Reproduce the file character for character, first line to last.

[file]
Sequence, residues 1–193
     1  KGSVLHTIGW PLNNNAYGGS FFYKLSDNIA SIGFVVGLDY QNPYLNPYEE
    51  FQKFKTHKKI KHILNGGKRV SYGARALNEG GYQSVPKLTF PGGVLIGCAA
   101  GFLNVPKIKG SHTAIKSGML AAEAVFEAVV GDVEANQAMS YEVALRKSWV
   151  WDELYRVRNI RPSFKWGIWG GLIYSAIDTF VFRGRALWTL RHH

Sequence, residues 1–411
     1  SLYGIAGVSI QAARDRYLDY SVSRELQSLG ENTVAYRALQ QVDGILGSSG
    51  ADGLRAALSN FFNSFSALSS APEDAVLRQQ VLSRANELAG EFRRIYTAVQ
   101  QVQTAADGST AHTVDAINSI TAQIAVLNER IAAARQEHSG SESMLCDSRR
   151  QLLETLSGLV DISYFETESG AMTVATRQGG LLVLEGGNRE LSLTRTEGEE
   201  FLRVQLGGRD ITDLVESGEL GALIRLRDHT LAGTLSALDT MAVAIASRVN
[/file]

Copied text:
Sequence, residues 1–193
     1  KGSVLHTIGW PLNNNAYGGS FFYKLSDNIA SIGFVVGLDY QNPYLNPYEE
    51  FQKFKTHKKI KHILNGGKRV SYGARALNEG GYQSVPKLTF PGGVLIGCAA
   101  GFLNVPKIKG SHTAIKSGML AAEAVFEAVV GDVEANQAMS YEVALRKSWV
   151  WDELYRVRNI RPSFKWGIWG GLIYSAIDTF VFRGRALWTL RHH

Sequence, residues 1–411
     1  SLYGIAGVSI QAARDRYLDY SVSRELQSLG ENTVAYRALQ QVDGILGSSG
    51  ADGLRAALSN FFNSFSALSS APEDAVLRQQ VLSRANELAG EFRRIYTAVQ
   101  QVQTAADGST AHTVDAINSI TAQIAVLNER IAAARQEHSG SESMLCDSRR
   151  QLLETLSGLV DISYFETESG AMTVATRQGG LLVLEGGNRE LSLTRTEGEE
   201  FLRVQLGGRD ITDLVESGEL GALIRLRDHT LAGTLSALDT MAVAIASRVN